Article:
Thursday, January 17, 2013

99 River Street

Eddie Muller, the president of the Film Noir Foundation, is sitting down with Robert Osborne tonight to present a series of noir movies. One that I mentioned briefly two years ago is 99 River Street, which will be airing at 9:30 PM.

John Payne stars as Ernie Driscoll, a prizefighter. Or, should I say, a former prizefighter. He lost the big fight, and that's as far as he's ever going to get in the boxing world, since he's no longer healthy enough to win the big fights. There's that old saying that nobody likes you on your way back down, and that certainly seems true here. Ernie is working as a taxi driver, with a wife (Peggy Castle) who's nagging him and yearning for the more prosperous days they knew when he was winning boxing matches and on the way up. To that end, she's turned unfaithful, seeing other guys, specifically the jewel thief Victor Rawlins (Brad Dexter). Stupid, stupid woman. She'd like to run away with Victor, but she's got too much knowledge of one of Victor's robberies, and he ends up strangling her for it! Fortuitously, though, at least for Victor, he was able to drop the body off in Ernie's cab, which has the fairly obvious implication that Ernie is going to be blamed for the murder!

What's a wrongly-accused man to do? Well, in the tradition of good thrillers, he's going to have to find the killer himself! Well, not just himself, of course. As is the case in many of these thrillers, there's bound to be a lovely damsel reluctantly helping our gentleman in distress. Actually, in this case she's not quite so reclutant: Linda James (played by Evelyn Keyes) is an aspiring actress who knows all the taxi drivers, and is platonic friends with Ernie and his best friend Stan (Frank Faylen). The bad thing is, she mistreated Ernie in a recent attempt to get a part in a play, and he's not happy about her having done that. So she has to prove to him that she really does want to help him.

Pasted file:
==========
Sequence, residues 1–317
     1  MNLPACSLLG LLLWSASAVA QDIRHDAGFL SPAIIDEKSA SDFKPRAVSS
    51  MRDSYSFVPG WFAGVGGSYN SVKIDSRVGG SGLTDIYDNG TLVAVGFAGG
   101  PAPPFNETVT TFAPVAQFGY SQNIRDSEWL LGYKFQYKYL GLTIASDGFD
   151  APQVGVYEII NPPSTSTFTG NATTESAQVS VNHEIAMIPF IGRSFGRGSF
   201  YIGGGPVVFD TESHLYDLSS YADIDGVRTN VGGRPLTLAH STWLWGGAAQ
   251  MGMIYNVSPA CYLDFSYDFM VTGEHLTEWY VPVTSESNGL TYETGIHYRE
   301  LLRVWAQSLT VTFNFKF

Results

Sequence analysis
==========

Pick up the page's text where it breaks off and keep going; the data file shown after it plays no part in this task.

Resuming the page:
From here, the movie develops into a somewhat standard plot, that of the man and his girl trying to stay one step ahead of the police while trying to find a killer. The chase eventually leads to the seedy industrial port of Jersey City, where Victor is trying to escape the country because he's trying to get away from other mobsters himself, having committed murder as part of one of those jewel robberies. Where Linda used her acting ability to hurt Ernie before; now she has the chance to use it to get him out of his jam....

99 River Street is a lower-budget B movie that certainly isn't perfect. As I mentioned back in January 2011 when I briefly mentioned this film, there is some dialog that may leave you thinking, "Oh, really?" Also, the movie treads over ground that has been used a hundred times before in the movies. But that doesn't mean that 99 River Street isn't good. And, in fact, it's also enormously entertaining, which is one of the chief aims of a movie, anyway. The bleak industrial port is also a great place for a noir to have its climax, as it's cold and distant, while offering the opportunity for good use of shadows in the photography. 99 River Street has also gotten a DVD release thanks to the Warner Archive Collection.

For the record, the rest of tonight's "Noir City" lineup is:

Cry Danger at 8:00 PM, in which Dick Powell tries to find the people who framed him for a crime;
99 River Street at 9:30 PM;
Tomorrow Is Another Day at 11:00 PM, with Steve Cochran married to taxi dancer Ruth Roman;
The Breaking Point at 12:45 AM, in which John Garfield and Patricia Neal more or less play the Humphrey Bogart and Lauren Bacall roles from To Have and Have Not; and
Van Helfin in The Prowler at 2:30 AM

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